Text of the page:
Why did you choose Hungary and Budapest Business School?
I am generally attracted to the road less traveled, and Hungary came across as a totally obscure country with an interesting past, a strange culture, and lots of beauty. Plus, it was in the European Union. This made Hungary an attractive destination for me. I was pursuing another career change at the time, and I figured studying international relations at a business-oriented institution would be interesting, especially considering my interdisciplinary past.
How did you like your studies? What was your favourite memory during your studies?
I really enjoyed studying international relations as a subject, as it exposed me to a new perspective on how the world works. I always tried to make the most of my studies by getting involved in all sorts of extracurricular activities and programmes, sometimes even outside of my university. I don’t have a favourite memory per se, but I thoroughly enjoyed getting to know fellow classmates, students, and staff at the university. I also appreciate the opportunities that I received to contribute towards supporting the university’s internationalization process.
How did you like the country?
Well, I still haven’t left Hungary, which in a way says something about how I continue to enjoy the country. Most of my time was spent in Budapest, though, which I consider to be a beautiful, cosmopolitan city that really has a buzzing nightlife. That said, I enjoyed being outdoors, walking around the city, and frequenting different bars, for example. Fortunately, Hungary did not experience extremely harsh lockdowns during the covid pandemic, as did other countries, so I was able to make the most of that period too.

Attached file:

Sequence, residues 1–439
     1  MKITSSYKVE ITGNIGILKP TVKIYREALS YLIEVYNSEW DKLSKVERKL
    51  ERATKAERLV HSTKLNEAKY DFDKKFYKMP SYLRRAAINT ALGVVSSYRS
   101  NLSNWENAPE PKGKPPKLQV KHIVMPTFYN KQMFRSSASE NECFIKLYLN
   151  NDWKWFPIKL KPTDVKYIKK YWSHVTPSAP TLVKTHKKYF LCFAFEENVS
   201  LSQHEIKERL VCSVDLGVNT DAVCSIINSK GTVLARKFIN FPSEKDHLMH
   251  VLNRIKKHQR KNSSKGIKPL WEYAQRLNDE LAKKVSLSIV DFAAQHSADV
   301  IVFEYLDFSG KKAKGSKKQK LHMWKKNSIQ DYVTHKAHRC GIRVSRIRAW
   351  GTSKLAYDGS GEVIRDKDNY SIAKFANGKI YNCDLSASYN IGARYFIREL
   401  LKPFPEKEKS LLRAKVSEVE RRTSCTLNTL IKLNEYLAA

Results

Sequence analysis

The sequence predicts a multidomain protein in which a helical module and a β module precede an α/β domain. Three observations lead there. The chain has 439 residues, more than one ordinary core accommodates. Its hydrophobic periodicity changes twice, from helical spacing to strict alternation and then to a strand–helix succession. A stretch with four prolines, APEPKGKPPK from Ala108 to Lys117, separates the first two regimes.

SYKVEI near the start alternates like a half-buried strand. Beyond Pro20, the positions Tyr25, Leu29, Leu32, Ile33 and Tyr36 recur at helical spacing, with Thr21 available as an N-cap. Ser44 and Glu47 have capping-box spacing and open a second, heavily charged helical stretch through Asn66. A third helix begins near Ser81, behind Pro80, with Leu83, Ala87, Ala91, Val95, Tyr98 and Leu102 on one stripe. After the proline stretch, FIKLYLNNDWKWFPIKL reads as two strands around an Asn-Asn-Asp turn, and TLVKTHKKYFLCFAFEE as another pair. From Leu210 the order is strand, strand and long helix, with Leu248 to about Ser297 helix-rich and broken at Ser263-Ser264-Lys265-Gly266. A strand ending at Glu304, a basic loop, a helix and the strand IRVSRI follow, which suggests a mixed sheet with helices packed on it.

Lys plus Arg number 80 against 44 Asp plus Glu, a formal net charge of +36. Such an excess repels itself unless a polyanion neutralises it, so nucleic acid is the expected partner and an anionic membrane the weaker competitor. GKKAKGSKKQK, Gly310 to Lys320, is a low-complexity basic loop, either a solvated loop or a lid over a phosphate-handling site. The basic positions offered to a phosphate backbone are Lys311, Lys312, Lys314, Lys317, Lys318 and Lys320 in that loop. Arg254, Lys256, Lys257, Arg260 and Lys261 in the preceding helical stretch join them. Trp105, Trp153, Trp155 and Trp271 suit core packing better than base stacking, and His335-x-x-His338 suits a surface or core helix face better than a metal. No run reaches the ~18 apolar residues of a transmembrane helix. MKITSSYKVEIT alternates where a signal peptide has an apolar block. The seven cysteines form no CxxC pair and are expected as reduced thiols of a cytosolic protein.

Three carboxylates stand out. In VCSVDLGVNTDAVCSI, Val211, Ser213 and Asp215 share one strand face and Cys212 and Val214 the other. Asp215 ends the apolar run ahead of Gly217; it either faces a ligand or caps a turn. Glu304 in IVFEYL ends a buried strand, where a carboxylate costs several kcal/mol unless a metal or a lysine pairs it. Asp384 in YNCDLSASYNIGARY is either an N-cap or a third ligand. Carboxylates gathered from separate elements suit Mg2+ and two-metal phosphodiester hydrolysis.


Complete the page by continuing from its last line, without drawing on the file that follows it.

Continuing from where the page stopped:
Did you have any difficulties with Hungarian culture? What was that and how did you handle it?
Learning the Hungarian language is definitely a difficulty for me, but I am able to get away with speaking English for the most part, at least in Budapest. However, I believe it limits my ability to really understand the Hungarian mentality, even if we are speaking in English to each other. So, miscommunication and misunderstandings with Hungarians tend to happen easily and frequently as a result. To manage this, I try to be more conscious of my word choice, speak in a way that is less direct and more diplomatic, and I remain optimistic about being able to fluently speak Hungarian one day.
How does Hungarian culture differ from South African culture?
There are many things that come to mind, but I’d say that cultural diversity and optimism represent two key areas of difference. Regarding the former aspect, I consider Hungarians to be more of a homogenous group with a largely common culture and a large common mentality. Whereas South Africa is largely rich in cultural diversity as a nation with many different cultures and 11 national languages. Regarding the latter aspect, despite both these countries having a troubled past, I also believe that South Africa is a nation with relatively many more optimists living in it when compared to Hungary. I feel that these two aspects ultimately influence many other things in society such as intercultural interactions and communication, the diversity of food, and the general outlook on life by people, for example.
You are among the alumni volunteers. Why did you apply for that position? What’s your task and how do you manage it? What do you think about the Alumni Network Hungary?